b. Performance Metrics
When the service portfolio increases due to microservice architecture, it becomes critical to keep a watch on the transactions so that patterns can be monitored and alerts sent when an issue happens. How should we collect metrics to monitor application perfomance?
A metrics service is required to gather statistics about individual operations. It should aggregate the metrics of an application service, which provides reporting and alerting. There are two models for aggregating metrics:
Push — the service pushes metrics to the metrics service e.g. NewRelic, AppDynamics
Pull — the metrics services pulls metrics from the service e.g. Prometheus
c. Distributed Tracing
In microservice architecture, requests often span multiple services. Each service handles a request by performing one or more operations across multiple services. Then, how do we trace a request end-to-end to troubleshoot the problem?
We need a service which
Assigns each external request a unique external request id.
Passes the external request id to all services.
Includes the external request id in all log messages.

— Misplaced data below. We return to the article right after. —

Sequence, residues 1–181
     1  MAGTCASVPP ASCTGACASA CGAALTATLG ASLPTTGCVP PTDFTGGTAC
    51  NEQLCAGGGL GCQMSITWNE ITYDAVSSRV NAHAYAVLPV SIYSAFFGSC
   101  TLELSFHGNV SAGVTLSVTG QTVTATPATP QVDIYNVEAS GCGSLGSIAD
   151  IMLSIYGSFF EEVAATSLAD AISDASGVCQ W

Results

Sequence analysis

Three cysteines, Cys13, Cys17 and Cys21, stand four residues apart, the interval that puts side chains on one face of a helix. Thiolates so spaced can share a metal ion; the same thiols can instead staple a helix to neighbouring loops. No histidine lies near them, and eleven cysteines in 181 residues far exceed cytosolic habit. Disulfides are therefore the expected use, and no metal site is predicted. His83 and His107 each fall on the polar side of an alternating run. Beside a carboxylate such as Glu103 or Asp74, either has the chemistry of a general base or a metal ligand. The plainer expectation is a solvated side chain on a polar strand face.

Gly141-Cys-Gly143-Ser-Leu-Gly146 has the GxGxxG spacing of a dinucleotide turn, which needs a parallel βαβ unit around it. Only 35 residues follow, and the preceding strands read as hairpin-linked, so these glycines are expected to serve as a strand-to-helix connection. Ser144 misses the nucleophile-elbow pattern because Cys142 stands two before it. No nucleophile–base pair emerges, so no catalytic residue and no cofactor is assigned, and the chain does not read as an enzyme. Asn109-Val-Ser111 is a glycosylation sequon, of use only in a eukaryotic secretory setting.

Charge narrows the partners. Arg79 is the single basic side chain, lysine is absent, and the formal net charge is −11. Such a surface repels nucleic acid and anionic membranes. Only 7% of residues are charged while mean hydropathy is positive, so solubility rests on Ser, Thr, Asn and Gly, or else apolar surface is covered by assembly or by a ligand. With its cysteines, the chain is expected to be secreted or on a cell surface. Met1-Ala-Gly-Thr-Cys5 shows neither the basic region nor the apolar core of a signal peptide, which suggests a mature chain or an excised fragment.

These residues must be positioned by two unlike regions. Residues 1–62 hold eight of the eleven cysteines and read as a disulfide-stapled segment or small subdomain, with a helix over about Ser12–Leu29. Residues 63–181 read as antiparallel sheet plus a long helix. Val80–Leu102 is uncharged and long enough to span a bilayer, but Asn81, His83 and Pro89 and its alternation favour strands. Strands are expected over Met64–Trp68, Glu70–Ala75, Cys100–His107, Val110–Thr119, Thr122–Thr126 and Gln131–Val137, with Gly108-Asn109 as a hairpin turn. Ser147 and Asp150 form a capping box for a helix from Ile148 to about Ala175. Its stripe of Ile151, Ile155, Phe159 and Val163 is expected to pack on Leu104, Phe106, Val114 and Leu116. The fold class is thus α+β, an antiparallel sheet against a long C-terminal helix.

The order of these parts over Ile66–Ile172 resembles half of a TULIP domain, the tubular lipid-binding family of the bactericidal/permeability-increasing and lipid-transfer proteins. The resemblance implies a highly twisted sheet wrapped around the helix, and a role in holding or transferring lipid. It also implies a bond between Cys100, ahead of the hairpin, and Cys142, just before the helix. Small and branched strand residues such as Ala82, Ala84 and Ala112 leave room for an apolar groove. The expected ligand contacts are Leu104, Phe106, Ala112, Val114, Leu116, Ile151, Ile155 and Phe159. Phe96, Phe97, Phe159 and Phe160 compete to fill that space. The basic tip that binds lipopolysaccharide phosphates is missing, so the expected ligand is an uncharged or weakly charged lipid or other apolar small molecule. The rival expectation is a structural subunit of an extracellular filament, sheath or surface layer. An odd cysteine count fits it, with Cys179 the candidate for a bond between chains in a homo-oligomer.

Records information (e.g. start time, end time) about the requests and operations performed when handling an external request in a centralized service.
Spring Cloud Slueth, along with Zipkin server, is a common implementation.
d. Health Check
When microservice architecture has been implemented, there is a chance that a service might be up but not able to handle transactions. In that case, how do you ensure a request doesn't go to those failed instances? With a load balancing pattern implementation.
Each service needs to have an endpoint which can be used to check the health of the application, such as
/health. This API should o check the status of the host, the connection to other services/infrastructure, and any specific logic.
Spring Boot Actuator does implement a /health endpoint and the implementation can be customized, as well.
5. Cross-Cutting Concern Patterns
a. External Configuration
A service typically calls other services and databases as well. For each environment like dev, QA, UAT, prod, the endpoint URL or some configuration properties might be different. A change in any of those properties might require a re-build and re-deploy of the service. How do we avoid code modification for configuration changes?